13. by   catshowlady
    :icon_hug: What a difficult thing for you to be going through. My heart goes out to you.

    I think leslie is right, you have a good grasp of the facts and are being very realistic about your dad's situation. I think you have to decide how you feel about the intangible aspects of what it going on.

    I don't have any advice per se for you, but I will be keeping you in my thoughts, that you can come to a decision that is right for you and your family.
  14. by   NeoPediRN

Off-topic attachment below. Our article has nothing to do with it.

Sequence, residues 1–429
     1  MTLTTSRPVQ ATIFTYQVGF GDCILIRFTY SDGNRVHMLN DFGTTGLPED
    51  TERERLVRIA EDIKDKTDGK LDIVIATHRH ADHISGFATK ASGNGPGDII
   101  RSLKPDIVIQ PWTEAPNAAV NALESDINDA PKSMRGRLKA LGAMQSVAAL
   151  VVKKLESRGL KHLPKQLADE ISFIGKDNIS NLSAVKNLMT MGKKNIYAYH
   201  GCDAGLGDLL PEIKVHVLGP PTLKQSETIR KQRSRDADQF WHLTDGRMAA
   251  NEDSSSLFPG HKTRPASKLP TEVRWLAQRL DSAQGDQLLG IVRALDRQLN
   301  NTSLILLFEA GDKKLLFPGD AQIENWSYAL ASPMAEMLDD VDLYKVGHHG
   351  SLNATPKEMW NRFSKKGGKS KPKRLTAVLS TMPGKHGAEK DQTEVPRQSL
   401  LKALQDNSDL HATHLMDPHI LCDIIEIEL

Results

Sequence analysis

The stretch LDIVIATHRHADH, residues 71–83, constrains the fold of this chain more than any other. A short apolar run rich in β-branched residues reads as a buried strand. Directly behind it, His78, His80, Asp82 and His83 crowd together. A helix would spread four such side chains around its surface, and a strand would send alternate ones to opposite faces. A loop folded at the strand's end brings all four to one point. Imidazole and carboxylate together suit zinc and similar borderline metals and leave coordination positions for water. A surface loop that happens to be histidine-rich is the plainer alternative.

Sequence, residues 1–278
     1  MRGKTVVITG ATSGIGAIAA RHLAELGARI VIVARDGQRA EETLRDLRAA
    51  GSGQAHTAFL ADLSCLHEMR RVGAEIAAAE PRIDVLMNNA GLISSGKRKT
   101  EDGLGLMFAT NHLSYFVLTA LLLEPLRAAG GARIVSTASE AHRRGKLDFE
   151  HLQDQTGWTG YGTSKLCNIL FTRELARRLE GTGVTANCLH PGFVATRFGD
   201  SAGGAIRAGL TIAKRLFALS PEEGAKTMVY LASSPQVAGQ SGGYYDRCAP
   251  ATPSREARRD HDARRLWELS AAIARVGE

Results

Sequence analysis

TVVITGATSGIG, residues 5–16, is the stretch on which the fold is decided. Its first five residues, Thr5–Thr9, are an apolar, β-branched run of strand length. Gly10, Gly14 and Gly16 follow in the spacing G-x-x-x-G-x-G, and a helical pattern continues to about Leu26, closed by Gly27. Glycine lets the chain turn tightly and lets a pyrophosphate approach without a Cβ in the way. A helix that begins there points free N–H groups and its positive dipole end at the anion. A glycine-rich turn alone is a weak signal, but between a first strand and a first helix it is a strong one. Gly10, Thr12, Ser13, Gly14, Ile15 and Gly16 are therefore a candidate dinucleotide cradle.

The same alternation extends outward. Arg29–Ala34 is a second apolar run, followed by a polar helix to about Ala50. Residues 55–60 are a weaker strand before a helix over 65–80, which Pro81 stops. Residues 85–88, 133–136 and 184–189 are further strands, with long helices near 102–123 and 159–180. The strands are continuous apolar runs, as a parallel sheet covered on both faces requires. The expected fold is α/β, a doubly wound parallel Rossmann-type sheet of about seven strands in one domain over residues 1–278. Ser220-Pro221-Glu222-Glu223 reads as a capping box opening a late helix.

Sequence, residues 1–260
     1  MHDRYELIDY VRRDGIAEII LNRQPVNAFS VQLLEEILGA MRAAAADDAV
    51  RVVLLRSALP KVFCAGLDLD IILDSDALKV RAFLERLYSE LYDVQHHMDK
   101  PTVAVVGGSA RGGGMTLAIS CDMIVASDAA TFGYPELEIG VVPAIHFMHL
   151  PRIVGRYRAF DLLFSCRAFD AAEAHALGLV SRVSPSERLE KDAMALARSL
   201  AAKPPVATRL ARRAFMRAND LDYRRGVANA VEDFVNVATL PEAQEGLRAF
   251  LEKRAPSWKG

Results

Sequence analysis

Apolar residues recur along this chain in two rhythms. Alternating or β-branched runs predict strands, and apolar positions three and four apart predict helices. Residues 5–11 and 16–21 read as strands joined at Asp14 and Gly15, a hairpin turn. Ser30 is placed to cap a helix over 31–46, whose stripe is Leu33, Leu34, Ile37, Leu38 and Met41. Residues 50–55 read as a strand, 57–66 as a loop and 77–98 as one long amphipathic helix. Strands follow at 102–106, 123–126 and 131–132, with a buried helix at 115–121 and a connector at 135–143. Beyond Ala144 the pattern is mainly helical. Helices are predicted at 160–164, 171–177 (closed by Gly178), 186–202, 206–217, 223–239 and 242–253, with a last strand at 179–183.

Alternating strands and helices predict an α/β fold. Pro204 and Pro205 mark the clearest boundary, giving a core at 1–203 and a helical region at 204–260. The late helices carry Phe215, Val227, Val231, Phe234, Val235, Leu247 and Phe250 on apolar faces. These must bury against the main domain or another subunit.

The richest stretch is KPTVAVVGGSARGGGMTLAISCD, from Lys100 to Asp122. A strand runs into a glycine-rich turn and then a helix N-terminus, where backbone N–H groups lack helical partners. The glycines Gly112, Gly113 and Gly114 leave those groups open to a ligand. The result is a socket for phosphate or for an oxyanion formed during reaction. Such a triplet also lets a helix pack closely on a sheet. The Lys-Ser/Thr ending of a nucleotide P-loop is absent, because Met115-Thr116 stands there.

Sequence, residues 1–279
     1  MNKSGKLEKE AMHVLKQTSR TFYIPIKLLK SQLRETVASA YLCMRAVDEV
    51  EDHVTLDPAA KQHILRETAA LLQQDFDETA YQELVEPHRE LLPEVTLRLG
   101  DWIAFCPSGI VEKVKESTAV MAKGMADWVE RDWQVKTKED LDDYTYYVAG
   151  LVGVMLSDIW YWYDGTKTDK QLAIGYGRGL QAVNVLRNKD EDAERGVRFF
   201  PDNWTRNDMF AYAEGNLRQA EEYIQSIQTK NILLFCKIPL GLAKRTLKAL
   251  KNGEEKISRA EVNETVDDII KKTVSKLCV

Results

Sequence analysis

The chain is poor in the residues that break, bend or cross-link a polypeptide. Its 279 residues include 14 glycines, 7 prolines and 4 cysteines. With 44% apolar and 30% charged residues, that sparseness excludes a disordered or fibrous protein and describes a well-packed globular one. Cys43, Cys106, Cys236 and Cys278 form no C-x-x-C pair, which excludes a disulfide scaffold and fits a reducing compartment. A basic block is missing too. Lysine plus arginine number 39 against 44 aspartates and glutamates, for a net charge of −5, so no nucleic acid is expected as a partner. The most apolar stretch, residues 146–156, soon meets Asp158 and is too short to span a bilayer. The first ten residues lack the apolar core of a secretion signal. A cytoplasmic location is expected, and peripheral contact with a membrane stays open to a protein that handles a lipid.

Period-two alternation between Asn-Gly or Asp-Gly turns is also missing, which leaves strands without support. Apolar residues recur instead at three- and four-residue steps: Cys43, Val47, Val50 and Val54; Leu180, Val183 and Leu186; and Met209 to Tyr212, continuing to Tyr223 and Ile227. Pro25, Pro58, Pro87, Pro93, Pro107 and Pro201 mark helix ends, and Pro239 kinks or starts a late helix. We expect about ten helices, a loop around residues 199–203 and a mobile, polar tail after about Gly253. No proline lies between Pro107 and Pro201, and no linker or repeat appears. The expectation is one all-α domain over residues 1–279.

It's just so hard. I'm the only one who really knows my dad is going to die. I don't want to be responsible for telling my mom, whenever I gently break something to her she just falls apart. I'm not good with emotion, I never have been. I don't do crying and turmoil very well when it comes to my own family or own life. I just talked to my sister, who is younger and a little out of touch with reality, and every time I tell her something that isn't good that indicates he's really sick I feel like I'm a murderer in her eyes. She will fight off everything I tell her about his condition with an "it's okay" or "yeah but we haven't even given him a chance" or "it's only been a couple of days." The night I got called home to go to the hospital with my mom, my sister was freaking out that she wanted to come because she "was the only one who wanted to save him" and would fight for him if we wanted to make him a DNR. Her sense of denial is incredible, and always has been. I just almost wish the decision would be taken out of my hands one way or the other. I want to honor my father but I don't want to be a monster in the eyes of my family.